The center of this image from the NASA/ESA Hubble Space Telescope is framed by the tell-tale arcs that result from strong gravitational lensing, a striking astronomical phenomenon which can warp, magnify, or even duplicate the appearance of distant galaxies.
Gravitational lensing occurs when light from a distant galaxy is subtly distorted by the gravitational pull of an intervening astronomical object. In this case, the relatively nearby galaxy cluster MACSJ0138.0-2155 has lensed a significantly more distant inactive galaxy - a slumbering giant known as MRG-M0138 which has run out of the gas required to form new stars and is located 10 billion light-years away.
Astronomers can use gravitational lensing as a natural magnifying glass, allowing them to inspect objects like distant dormant galaxies which would usually be too difficult for even Hubble to resolve.
This image was made using observations from eight different infrared filters spread across two of Hubble's most advanced astronomical instruments: the Advanced Camera for Surveys and the Wide Field Camera 3.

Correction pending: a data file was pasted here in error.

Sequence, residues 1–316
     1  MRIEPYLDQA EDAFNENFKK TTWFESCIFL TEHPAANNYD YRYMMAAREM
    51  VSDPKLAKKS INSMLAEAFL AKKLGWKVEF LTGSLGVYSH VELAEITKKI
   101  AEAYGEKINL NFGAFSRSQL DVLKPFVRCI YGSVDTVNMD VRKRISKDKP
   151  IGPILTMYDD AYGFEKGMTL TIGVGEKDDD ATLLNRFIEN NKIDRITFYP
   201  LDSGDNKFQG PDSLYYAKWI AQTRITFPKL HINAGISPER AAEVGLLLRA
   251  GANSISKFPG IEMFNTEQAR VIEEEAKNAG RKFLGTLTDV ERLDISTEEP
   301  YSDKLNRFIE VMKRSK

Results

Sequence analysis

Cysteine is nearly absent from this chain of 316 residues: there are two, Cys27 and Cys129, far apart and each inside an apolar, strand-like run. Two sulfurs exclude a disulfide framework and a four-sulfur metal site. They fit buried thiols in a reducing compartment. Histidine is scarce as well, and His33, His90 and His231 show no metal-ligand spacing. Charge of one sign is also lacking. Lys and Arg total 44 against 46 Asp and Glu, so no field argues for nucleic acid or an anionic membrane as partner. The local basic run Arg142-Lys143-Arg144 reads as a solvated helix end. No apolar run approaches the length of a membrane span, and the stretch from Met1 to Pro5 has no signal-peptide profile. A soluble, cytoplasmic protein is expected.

These instruments were installed by astronauts during the final two servicing missions to Hubble and provide astronomers with superbly detailed observations across a large area of sky and a wide range of wavelengths.
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SuperBIT: A low-cost balloon-borne telescope to rival Hubble
London, UK (SPX) Jul 21, 2021
Durham, Toronto and Princeton Universities have teamed up with NASA and the Canadian Space Agency to build a new kind of astronomical telescope. SuperBIT flies above 99.5% of the Earth's atmosphere, carried by a helium balloon the size of a football stadium. The telescope will make its operational debut next April and when deployed should obtain high-resolution images rivalling those of the Hubble Space Telescope. Mohamed Shaaban, a PhD student at the University of Toronto, will describe SuperBIT in his ... read more